New Survey Finds Multiple Sclerosis Patients Struggle with Misdiagnosis and Invisible Symptoms

Participants Daily Life Often Complicated by Pain

April 27, 2017

MS in America 2017, a syndicated research study of more than 5,300 individuals diagnosed with multiple sclerosis (MS), reveals many people initially received an improper diagnosis and have trouble finding an effective treatment.

The Health Union survey, conducted between January 25 and March 1, 2017, released through its online community,, also finds patients struggle with pain and symptoms that impact many aspects of daily life. MS in America 2017 is the fifth annual Health Union survey about the condition.

Multiple sclerosis is a lifelong, incurable disease that affects the central nervous system, including the brain and spinal column. It is chronic and progressive and can vary in intensity from mild to severely disabling. In more severe cases, it can interfere with the ability to move, see, think, swallow, talk, or feel.

Receiving a proper MS diagnosis proves extremely difficult for many patients, and almost 50 percent of survey respondents reported having five or more office or hospital visits before obtaining their MS diagnosis. Forty-two percent of respondents reported they were initially misdiagnosed with another condition, including depression (25 percent), migraine disease (15 percent), fibromyalgia (14 percent), psychiatric disorder (13 percent), B12 deficiency (11 percent), and chronic fatigue syndrome (10 percent).

“Getting a proper MS diagnosis continues to be a difficult process. I know many people who end up with inexperienced doctors or even have symptoms they don’t mention because they don’t realize it could be MS related,” said patient advocate Devin Garlit.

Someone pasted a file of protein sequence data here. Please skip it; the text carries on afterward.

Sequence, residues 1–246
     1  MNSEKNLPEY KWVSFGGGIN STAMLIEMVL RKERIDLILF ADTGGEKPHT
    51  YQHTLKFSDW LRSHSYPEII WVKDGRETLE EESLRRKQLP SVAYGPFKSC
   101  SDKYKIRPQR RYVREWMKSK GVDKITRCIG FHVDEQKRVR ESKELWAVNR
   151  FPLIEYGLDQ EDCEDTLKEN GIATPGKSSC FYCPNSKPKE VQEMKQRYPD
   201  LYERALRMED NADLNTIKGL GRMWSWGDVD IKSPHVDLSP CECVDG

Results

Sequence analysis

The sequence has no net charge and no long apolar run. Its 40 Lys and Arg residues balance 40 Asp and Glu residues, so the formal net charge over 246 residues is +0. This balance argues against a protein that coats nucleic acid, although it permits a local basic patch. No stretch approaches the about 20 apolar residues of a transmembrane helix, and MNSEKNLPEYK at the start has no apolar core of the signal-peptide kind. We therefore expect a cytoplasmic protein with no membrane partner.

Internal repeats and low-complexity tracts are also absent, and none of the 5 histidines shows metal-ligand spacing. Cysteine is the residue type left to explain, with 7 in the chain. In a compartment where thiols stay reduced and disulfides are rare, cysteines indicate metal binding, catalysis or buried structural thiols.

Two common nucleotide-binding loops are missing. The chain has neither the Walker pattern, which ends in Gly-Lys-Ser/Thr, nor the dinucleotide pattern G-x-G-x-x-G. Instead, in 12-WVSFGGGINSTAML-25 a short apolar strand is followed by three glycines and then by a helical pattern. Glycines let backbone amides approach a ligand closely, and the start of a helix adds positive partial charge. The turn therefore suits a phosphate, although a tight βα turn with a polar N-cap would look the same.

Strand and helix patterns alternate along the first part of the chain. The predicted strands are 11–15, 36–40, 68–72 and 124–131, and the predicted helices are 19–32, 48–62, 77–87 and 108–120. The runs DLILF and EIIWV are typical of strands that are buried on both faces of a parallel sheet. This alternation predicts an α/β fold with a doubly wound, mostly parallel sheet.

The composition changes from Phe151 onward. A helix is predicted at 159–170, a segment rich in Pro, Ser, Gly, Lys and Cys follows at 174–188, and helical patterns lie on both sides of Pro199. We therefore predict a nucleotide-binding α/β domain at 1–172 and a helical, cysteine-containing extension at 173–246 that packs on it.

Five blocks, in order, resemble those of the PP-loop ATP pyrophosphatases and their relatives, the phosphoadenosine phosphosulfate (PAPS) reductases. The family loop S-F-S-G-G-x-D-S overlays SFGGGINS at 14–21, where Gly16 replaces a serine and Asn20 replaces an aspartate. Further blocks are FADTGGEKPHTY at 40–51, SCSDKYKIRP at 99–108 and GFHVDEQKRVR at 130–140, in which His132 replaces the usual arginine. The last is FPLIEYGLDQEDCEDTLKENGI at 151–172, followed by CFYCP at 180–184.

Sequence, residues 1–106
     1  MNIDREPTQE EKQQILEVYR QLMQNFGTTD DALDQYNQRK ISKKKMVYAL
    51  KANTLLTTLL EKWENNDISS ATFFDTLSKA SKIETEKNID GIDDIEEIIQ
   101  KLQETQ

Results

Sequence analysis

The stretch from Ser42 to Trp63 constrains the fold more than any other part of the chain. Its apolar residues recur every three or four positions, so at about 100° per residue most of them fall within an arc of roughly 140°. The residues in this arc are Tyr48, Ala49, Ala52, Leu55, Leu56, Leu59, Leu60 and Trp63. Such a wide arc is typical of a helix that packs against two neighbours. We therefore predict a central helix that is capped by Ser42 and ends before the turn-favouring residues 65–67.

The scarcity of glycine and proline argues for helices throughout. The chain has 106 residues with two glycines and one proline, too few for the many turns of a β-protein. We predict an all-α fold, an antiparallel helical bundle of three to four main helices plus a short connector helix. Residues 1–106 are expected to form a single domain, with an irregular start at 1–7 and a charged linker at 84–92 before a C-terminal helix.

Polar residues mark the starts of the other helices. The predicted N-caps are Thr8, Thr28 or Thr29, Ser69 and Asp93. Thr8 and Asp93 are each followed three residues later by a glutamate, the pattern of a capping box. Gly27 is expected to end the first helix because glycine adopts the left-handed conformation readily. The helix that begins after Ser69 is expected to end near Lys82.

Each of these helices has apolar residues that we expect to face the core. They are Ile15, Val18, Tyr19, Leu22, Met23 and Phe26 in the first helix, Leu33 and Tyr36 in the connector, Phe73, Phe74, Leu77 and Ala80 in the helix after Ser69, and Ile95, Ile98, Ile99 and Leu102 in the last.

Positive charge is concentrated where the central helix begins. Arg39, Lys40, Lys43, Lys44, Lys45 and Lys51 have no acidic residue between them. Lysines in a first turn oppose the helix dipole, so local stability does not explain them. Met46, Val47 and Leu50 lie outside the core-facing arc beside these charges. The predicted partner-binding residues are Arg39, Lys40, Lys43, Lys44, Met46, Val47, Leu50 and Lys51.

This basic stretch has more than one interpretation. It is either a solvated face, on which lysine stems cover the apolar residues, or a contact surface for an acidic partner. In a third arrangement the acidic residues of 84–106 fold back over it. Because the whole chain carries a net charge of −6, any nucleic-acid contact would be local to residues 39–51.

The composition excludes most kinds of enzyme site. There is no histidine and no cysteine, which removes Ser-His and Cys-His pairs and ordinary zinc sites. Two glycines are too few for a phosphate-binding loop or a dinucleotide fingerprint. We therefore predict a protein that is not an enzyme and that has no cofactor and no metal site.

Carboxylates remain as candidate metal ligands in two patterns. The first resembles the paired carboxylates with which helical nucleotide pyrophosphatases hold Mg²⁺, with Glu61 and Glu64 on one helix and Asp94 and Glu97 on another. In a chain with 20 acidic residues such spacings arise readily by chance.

Once diagnosed, patients do seek treatment, with 65 percent starting within three months.

“Finding the right treatment can be a difficult process that takes a lot of trial and error. You may have side effects with one, the next may not work well, another may not be covered by insurance,” Garlit explained. “We’re very lucky to live in a time where we have a lot of treatment options. It takes a lot of perseverance to find the right one though. It was 13 years before I finally found a disease-modifying therapy that has stabilized me.”

MS is known for issues like numbness and tingling, walking/balance/coordination problems, and fatigue—and all of these symptoms impacted more than one-third of respondents prior to diagnosis. However, these are by far not the only major symptoms, according to those surveyed. Major symptoms currently reported by respondents include fatigue (87 percent), numbness/tingling (75 percent), memory loss/brain fog (70 percent), muscle weakness (64 percent), pain (55 percent), depression (53 percent), and vision problems (30 percent).

“Many people don’t realize that some of the worst MS symptoms are invisible. Severe pain, depression, and cognitive difficulties like memory loss are common in those with MS, but many MS patients themselves don’t even realize they are related to the disease. Not only are these symptoms difficult to live with, we also struggle to explain them to others, sometimes even doctors, because they can’t see them,” Garlit added.

The survey revealed pain to be a common occurrence for many with MS, and the impact it and other symptoms have on a patient’s personal life can be profound. Respondents reported feeling pain’s effect in areas such as mood, sleep, ability to work, overall quality of life, and relationships.

“I never knew how many different types of pain there were before having MS,” said patient advocate Stephanie Buxhoeveden. “One of the most difficult things about MS-related pain is that it is invisible, which makes it challenging for the people around me to understand how I’m feeling. Often I am putting all of my energy into getting through the day, so it is difficult to expend the time and energy into explaining my symptoms to others so I choose to ‘tough it out’ and pretend like everything is fine.”

“The results of this survey clearly show that people with MS struggle with a disease that impacts all aspects of their life in ways that many around them simply cannot see,” said Tim Armand, President and co-founder of Health Union. “This is where a community like can make a significant difference. It brings people with similar experiences together to provide and receive support, share information, and feel validation.”

A summary of the survey results and infographic series are also available. Contact for more details about the Multiple Sclerosis in America survey.

See the most recent survey findings from Multiple Sclerosis In America 2019 here.